What could have been: 1950's Perham teacher and author rewrites his life's greatest tragedy
Chuck Dowdle, 93, was a teacher in Perham in the early 1950's. Now, he's a published author living in California. His latest book, "Twin Lights," is a rewrite of his life's greatest loss, lived out in Perham, and tells a totally different life story set here.
Some images stick with us forever.
For 93-year-old Chuck Dowdle, the image of his twin sons — born prematurely at the Perham hospital in August 1953 — lying in their bassinettes during the one short day of their fragile lives, is a mental image that never faded with time.
It stayed with him so strongly through the years that, in 2011, he sat down and wrote a story about those two little lives that could have been.
Last month, a decade after he first began professionally writing, Dowdle published "Twin Lights," a novel that gives his sons the lives they could have had — in Perham, where Dowdle and his wife lived for two years after moving there in '53.
Otto and Evelyn Krueger, who allowed teachers to live upstairs in their home, offered their downstairs apartment to the new Perham High School English and social studies teacher and his young wife. Dowdle began his teaching job that fall, still intensely grieving the recent loss of his sons.
The couple left for California two years later and never returned to Perham, but Dowdle said the memory of the town remains strong in his mind.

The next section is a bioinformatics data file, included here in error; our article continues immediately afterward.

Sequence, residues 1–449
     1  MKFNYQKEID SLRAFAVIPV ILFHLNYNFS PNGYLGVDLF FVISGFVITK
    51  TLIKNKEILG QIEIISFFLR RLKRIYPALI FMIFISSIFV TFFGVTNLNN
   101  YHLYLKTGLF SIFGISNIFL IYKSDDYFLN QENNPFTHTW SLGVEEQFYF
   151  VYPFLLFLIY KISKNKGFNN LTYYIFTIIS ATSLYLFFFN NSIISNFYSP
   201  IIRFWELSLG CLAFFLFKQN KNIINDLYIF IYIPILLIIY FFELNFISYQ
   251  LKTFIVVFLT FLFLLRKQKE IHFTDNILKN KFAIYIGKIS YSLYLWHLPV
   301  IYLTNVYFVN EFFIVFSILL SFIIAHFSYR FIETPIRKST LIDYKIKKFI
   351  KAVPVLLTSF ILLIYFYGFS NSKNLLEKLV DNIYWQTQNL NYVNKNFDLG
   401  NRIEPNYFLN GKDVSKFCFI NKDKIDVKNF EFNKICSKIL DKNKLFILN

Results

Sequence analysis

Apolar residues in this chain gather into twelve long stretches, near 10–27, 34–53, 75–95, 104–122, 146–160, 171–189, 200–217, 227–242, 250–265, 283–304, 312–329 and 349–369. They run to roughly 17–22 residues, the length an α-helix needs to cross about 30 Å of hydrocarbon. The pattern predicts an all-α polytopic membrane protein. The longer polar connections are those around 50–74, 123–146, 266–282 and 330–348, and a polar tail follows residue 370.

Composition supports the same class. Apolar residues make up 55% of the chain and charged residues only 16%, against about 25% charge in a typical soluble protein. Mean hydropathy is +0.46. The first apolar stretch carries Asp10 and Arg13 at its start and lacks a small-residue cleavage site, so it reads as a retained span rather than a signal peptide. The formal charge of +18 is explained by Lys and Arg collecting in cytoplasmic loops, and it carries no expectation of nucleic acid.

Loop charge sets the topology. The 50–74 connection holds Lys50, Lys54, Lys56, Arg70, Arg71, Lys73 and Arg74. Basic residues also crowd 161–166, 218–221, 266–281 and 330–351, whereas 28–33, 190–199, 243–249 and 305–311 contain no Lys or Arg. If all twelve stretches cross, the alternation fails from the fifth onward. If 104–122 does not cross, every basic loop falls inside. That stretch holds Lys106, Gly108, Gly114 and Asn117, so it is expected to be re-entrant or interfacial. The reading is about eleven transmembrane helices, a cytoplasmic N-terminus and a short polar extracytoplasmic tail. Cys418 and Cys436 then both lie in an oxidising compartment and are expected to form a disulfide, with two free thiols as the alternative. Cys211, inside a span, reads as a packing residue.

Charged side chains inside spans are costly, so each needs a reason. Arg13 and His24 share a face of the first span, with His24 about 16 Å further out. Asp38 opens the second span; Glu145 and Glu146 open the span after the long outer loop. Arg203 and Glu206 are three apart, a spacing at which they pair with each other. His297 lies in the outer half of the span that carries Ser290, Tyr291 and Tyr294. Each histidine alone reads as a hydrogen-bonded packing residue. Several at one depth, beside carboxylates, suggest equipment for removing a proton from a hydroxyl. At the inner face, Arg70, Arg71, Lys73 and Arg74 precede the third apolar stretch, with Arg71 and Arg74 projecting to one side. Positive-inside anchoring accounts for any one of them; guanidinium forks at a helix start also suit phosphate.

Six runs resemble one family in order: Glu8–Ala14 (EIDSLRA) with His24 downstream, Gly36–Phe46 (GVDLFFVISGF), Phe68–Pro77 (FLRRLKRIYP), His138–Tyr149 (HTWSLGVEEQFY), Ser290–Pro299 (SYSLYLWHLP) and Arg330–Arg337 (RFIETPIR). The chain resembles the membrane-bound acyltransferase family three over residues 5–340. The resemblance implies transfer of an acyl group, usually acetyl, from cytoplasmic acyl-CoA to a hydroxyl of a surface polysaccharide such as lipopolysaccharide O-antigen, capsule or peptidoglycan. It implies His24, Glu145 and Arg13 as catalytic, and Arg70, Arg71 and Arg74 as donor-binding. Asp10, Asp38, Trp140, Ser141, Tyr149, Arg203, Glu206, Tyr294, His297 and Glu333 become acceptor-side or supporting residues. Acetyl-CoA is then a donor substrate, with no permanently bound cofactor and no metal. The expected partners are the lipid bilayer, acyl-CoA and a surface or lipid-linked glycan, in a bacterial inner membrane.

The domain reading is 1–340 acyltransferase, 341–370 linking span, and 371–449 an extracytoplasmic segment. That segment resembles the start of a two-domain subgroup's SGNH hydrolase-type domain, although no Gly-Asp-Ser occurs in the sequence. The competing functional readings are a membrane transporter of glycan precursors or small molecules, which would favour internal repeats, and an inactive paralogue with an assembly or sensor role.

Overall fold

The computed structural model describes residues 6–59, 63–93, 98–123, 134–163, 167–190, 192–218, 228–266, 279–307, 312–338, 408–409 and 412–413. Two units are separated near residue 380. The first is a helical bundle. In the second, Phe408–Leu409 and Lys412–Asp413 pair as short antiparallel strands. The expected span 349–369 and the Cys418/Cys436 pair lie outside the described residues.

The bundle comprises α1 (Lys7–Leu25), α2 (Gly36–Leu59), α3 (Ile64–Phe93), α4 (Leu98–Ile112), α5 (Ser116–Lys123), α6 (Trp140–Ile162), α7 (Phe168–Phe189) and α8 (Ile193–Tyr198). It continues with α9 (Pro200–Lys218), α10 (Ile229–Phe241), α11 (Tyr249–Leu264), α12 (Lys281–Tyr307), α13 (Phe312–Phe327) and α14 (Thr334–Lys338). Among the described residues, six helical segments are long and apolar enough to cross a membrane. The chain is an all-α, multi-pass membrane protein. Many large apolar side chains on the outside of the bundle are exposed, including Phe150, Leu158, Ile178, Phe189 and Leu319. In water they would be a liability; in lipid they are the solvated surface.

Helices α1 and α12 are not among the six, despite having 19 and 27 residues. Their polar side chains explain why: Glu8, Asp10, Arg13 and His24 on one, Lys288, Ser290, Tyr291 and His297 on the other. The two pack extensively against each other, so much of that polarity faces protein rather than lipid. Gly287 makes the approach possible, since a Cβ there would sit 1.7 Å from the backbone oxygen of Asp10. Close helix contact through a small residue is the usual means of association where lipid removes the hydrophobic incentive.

"I loved living in Perham," he said. "Just the friendliness, the openness… I'd go out to Little Pine or Big Pine Lake and fish… The kids (I taught) were great."
He remembers Perham with such fondness that he chose it as the setting for the beginning of his sons' fictional life stories. He imagined them as baptized and confirmed at St. Henry's Catholic Church, where, in grimmer reality, their funeral was held. He imagined them as graduates and co-valedictorians of Perham High School.
As Dowdle was researching his novel, he learned that it used to be fairly common for premature babies to go blind, before more recent medical advancements were made, so he wrote one of his sons as being blind. The small-town Perham setting of the book, he said, created an ease of movement for that character. To ensure proper representation of a blind person, he interviewed a blind man prior to writing the book.
In addition to his research, Dowdle had to learn a few new skills in order to tell this story, including how to use the computer. Having grown up during the Great Depression in Crookston, Minnesota, computers weren't commonly used until much later in his life. Over the 10 years he spent writing this novel, he honed his computer skills from scratch.
"(Writing 'Twin Lights') was a labor of love," Dowdle said. "In my teaching career, writing was always what I enjoyed doing."
As a teacher, Dowdle would write out all the assignments he gave his students. Fifteen years before he retired, he attended a writing conference and then officially began writing for himself. He wrote 77 articles for the Crookston Daily Times, recalling his childhood there in 1930s. Those articles were later compiled and published into a memoir. After that, he wrote a few more books, instructional books for kids who are learning to read and write, before this latest novel, "Twin Lights."
"This is a story about the love I had for my two sons who might've lived," Dowdle said, adding, "It's a story about my love for those who live in the Perham community."
Now retired, Dowdle lives in Cambria, California. His sons are buried at St. Henry's Cemetery in Perham.